News story

Basildon and Thurrock University Hospitals removed from special measures

Monitor has removed Basildon and Thurrock University Hospitals NHS Foundation Trust from special measures after the trust improved its services for patients.

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Monitor’s decision follows a recommendation from the Chief Inspector of Hospitals as a result of a full inspection of the trust by the Care Quality Commission (CQC).

The Chief Inspector gave Basildon and Thurrock University Hospitals NHS Foundation Trust an overall rating of good for its quality of care, although he noted that some acute services could still be improved further.

Increases in clinical staff

Basildon and Thurrock University Hospitals NHS Foundation Trust was put into special measures by Monitor in July 2013 following the Keogh Review into hospitals with higher than average mortality rates.

Since entering special measures the trust has made a number of improvements, including recruiting more than 200 additional clinical staff such as nurses, nursing support staff and consultants. In addition, the number of patients who would recommend Basildon and Thurrock University Hospitals NHS Foundation Trust to their friends and family has risen by over 10%.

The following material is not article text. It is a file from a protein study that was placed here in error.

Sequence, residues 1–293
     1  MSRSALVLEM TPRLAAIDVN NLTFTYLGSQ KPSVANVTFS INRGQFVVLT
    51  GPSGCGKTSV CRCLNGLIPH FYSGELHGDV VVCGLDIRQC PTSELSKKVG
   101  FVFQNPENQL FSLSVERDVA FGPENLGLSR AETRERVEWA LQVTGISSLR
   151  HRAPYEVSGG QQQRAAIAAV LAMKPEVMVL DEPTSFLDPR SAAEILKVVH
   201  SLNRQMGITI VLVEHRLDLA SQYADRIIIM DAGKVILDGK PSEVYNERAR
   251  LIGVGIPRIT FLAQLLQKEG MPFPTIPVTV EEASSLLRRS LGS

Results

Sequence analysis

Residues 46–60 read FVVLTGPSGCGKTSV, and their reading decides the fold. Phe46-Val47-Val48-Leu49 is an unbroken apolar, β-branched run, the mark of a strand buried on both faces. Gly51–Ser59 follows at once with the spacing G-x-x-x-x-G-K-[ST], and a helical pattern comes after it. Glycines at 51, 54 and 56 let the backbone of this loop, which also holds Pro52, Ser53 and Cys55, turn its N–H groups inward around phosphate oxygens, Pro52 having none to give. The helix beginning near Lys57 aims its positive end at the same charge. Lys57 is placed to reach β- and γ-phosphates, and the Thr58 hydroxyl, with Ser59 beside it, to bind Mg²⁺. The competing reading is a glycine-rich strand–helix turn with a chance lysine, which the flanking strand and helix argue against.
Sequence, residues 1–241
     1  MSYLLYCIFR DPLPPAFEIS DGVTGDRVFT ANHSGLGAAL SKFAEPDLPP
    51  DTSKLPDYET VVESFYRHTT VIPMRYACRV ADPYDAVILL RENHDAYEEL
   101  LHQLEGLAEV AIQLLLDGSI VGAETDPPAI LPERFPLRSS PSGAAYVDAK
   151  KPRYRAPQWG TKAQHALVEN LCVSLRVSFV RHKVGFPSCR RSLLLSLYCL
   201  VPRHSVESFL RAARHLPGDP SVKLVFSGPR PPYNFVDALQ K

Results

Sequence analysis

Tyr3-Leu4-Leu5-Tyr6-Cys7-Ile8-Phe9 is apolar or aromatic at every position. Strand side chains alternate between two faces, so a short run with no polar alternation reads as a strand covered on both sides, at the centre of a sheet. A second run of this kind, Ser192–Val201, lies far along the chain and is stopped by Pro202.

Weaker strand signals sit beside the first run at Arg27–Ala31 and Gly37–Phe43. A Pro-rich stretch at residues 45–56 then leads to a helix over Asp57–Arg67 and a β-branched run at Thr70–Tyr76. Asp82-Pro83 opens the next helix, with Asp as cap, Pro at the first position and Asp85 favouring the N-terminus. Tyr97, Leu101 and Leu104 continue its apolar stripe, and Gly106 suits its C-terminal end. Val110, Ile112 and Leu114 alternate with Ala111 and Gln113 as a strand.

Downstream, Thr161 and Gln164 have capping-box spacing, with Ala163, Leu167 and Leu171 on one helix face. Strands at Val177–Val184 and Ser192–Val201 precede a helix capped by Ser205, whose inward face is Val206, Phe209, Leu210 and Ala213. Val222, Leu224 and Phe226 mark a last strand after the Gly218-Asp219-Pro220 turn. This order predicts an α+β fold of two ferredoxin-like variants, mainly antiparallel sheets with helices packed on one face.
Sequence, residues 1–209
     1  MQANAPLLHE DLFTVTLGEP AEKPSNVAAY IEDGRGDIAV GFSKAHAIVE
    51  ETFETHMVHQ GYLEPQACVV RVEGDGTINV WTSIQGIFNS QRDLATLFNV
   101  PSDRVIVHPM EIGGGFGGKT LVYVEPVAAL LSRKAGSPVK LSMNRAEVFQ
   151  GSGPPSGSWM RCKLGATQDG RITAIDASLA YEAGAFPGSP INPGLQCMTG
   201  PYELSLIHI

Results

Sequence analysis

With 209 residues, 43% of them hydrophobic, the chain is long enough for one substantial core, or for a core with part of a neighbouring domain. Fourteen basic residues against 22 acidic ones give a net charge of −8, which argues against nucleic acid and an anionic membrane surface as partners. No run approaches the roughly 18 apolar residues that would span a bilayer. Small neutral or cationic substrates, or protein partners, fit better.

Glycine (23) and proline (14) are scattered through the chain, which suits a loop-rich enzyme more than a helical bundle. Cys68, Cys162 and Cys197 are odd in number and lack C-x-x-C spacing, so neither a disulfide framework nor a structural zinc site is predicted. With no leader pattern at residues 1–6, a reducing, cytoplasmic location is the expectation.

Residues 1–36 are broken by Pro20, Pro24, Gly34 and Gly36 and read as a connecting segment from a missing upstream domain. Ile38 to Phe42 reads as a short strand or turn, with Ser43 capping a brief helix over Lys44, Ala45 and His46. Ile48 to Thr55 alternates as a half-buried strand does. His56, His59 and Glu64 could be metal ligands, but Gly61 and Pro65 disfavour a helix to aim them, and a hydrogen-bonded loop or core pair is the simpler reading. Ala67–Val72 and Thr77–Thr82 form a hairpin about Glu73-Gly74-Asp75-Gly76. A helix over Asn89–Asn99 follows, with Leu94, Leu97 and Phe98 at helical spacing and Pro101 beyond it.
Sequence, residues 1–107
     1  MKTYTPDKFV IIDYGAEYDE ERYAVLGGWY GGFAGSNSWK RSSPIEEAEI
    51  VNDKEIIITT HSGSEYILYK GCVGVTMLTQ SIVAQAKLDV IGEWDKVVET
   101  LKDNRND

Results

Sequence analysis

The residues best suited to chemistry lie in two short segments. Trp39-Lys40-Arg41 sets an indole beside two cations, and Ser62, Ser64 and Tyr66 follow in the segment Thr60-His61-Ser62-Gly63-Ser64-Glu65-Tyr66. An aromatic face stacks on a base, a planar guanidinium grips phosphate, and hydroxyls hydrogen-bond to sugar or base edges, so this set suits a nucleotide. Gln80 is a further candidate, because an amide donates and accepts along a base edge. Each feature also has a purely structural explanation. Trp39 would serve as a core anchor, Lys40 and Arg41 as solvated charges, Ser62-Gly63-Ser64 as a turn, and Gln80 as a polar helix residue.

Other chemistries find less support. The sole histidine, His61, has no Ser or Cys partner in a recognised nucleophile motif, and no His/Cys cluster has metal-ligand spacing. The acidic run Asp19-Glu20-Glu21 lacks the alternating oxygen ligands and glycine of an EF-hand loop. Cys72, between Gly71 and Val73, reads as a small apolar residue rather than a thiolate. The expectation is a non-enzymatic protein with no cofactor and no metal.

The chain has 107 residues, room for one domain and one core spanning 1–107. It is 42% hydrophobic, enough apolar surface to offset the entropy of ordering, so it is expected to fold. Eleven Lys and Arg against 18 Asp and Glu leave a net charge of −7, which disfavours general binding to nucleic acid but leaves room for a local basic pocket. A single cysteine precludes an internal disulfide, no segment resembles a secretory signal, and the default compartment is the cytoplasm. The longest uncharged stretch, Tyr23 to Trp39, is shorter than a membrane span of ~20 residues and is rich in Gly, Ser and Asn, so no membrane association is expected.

Following the Chief Inspector’s recommendation, Monitor has decided the trust no longer needs a dedicated Improvement Director to help turn around its performance, and is not required to publish any further progress on its recovery plan on the NHS Choices website. However, a further element of the special measures regime, under which it has been partnered with the Royal Free London NHS Foundation Trust, will continue on a voluntary basis because it has been working so well.

Monitor will continue to work with the trust

Basildon and Thurrock University Hospitals NHS Foundation Trust is still formally in breach of its licence to provide NHS funded services for failing to meet A&E and waiting times targets and associated governance issues. Monitor will separately review the trust’s compliance with its licence conditions and work with the trust to identify if any further support is needed to ensure that patients continue to see lasting improvement.

Adam Cayley, Regional Director for Monitor, who was also the Improvement Director for the trust during the special measures process, said:

Patients are benefiting from the great improvement at the trust. The decision we’ve taken today is a reflection of the hard work that staff at the trust, with Monitor’s support, have put in to making the hospital a better place for local people.

But this isn’t the end of the story. We want to make sure that the trust keeps on improving and that these improvements last.

Published 9 June 2014